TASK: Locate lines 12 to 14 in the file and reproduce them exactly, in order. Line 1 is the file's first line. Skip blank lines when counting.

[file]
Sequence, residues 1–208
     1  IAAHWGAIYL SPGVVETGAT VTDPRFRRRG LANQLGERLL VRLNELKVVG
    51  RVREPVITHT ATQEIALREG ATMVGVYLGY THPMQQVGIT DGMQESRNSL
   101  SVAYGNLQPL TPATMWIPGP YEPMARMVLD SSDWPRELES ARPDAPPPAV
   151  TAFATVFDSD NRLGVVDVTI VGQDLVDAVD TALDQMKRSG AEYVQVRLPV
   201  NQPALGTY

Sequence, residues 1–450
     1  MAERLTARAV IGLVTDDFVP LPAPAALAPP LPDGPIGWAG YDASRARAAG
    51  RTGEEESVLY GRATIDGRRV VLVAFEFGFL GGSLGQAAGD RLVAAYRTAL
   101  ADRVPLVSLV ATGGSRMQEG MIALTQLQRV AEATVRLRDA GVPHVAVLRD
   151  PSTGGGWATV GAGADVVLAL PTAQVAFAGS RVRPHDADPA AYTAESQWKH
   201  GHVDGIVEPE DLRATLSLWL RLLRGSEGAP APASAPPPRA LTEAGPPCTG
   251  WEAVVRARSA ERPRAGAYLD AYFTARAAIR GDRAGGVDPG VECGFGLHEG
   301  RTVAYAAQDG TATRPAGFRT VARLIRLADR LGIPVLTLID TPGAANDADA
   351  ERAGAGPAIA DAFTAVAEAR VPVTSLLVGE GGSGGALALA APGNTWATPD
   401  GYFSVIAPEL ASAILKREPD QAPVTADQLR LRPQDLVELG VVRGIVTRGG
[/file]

   201  GHVDGIVEPE DLRATLSLWL RLLRGSEGAP APASAPPPRA LTEAGPPCTG
   251  WEAVVRARSA ERPRAGAYLD AYFTARAAIR GDRAGGVDPG VECGFGLHEG
   301  RTVAYAAQDG TATRPAGFRT VARLIRLADR LGIPVLTLID TPGAANDADA